Telling Milwaukee’s story through architecture

UWM’s School of Architecture is marking its 50th anniversary in a yearlong celebration that concludes with a gala weekend in April. To commemorate five decades of education, research and community engagement, architecture faculty members picked the most important structures built in Milwaukee during each decade since the school was established in 1969.

Milwaukee Art Museum

Milwaukee’s most iconic structure might be the Quadracci Pavilion at the Milwaukee Art Museum along Lake Michigan. Designed by Spanish architect Santiago Calatrava and completed in 2001, the pavilion’s signature characteristic is the Burke Brise Soleil, a moveable, wing-like sunscreen that rests on top of the glass-enclosed Windhover Hall. Its wingspan is similar to a Boeing 747.

The pavilion’s futuristic design stands out in a downtown skyline dominated by more traditional architecture.

Whitney Moon (from left), Mo Zell and Kyle Reynolds

“What I love about Milwaukee is the city adopted it, even though it seems very foreign to what’s being made here, as the image of the city,” said Mo Zell, an associate professor and chair of the architecture department. “That’s a great thing when it feels like we live in a slightly conservative environment and the exotic is what everyone can adopt and get behind.

“It’s the thing that helps give the city an international identity,” Zell said. “Is that worth it? Absolutely.”

Other buildings and structures:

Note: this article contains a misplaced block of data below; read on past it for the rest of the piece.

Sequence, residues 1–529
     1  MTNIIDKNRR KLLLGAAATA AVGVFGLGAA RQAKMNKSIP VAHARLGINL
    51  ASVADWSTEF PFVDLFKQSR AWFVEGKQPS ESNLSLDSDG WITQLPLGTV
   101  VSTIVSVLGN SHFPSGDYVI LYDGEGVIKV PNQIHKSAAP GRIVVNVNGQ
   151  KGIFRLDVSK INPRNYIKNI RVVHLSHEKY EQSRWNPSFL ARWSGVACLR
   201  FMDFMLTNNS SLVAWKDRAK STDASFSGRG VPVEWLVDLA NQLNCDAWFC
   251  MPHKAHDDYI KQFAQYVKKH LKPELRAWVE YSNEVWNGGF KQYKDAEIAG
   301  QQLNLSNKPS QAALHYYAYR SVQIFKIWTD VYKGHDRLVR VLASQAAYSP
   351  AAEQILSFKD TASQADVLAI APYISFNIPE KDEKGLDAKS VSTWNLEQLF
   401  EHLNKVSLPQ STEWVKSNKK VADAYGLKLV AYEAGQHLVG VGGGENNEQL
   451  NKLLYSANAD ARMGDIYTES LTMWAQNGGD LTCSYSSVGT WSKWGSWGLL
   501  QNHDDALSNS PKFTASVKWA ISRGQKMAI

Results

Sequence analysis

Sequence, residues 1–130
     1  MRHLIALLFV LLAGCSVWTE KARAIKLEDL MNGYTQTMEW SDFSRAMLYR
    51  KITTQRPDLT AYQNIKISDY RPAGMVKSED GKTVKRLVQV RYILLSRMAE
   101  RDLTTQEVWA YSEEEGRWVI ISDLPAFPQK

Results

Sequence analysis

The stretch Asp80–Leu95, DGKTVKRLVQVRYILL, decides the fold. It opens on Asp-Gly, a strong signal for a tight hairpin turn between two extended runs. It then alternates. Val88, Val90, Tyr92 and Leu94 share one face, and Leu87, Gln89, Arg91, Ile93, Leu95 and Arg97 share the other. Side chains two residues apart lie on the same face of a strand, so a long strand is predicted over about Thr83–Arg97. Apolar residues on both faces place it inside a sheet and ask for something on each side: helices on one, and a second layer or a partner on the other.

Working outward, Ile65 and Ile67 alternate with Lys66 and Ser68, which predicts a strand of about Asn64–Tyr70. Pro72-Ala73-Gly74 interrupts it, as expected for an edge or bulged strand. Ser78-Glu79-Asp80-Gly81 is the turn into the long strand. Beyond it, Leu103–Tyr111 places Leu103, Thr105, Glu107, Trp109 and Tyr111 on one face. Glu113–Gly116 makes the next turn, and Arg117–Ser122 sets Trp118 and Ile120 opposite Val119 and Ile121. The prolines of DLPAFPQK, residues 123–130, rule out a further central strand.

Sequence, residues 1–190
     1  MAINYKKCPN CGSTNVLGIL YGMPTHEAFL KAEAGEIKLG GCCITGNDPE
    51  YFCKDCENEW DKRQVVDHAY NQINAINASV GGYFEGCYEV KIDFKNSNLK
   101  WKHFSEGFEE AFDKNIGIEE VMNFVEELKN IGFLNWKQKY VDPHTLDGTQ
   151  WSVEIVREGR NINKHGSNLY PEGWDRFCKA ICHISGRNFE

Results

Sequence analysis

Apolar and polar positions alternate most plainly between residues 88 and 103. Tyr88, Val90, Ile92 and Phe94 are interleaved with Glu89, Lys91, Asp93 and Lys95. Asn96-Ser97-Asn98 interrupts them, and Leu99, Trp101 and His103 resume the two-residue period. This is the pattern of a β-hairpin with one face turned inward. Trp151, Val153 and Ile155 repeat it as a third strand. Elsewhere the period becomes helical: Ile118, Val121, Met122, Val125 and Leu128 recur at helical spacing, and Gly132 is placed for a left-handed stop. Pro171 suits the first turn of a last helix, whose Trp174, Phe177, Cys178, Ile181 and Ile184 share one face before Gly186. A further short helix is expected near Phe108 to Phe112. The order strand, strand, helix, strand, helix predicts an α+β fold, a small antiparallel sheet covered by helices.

1960s: Mitchell Park Domes (Mitchell Park Horticultural Conservatory)

Background: Completed in 1967. Features three glass domes: the Show Dome, Tropical Dome and Desert Dome. The National Trust for Historic Preservation has called the Domes a “unique engineering marvel and nationally significant example of midcentury modern architecture.” Considered the world’s first conoidal (cone-shaped) domes. Designed in 1958 by Milwaukee architect Donald Grieb.

Assistant Professor Whitney Moon: “The Domes were intended to replace an existing conservatory designed by Henry C. Koch comprised of iron and glass, modeled after the iconic Crystal Palace for the Great Exhibition in London. They mark a radical departure from 19th century architectural and engineering trends to a postwar fascination with both futurism and experimental structures. The Domes challenged not only the existing built environment of Milwaukee, but architecture as it was known in the 20th century. Remarkably, some 50-plus years later, the Domes still serve as icons. Importantly, they remind us that challenging convention is an architectural risk worth taking.”

1970s: U.S. Bank Center

Background: Standing 601 feet high, U.S. Bank is tallest building in Wisconsin. Opened in 1973. Complex includes 42-story office tower and two-story lower lobby and atrium.

Associate Professor Kyle Reynolds: “Milwaukee’s first iconic example of the international style, which is a version of modernism that produced a lot of the glass office towers that we now associate with being office buildings. It was something that really stands out and puts Milwaukee on the map equal to similar development around the country and around the world with the international style movement. It’s a very simple structure with a grid, a plinth base and white-and-glass tower, so it looks relatively standard now, but at the time it was built, I would imagine it was quite jarring and different.”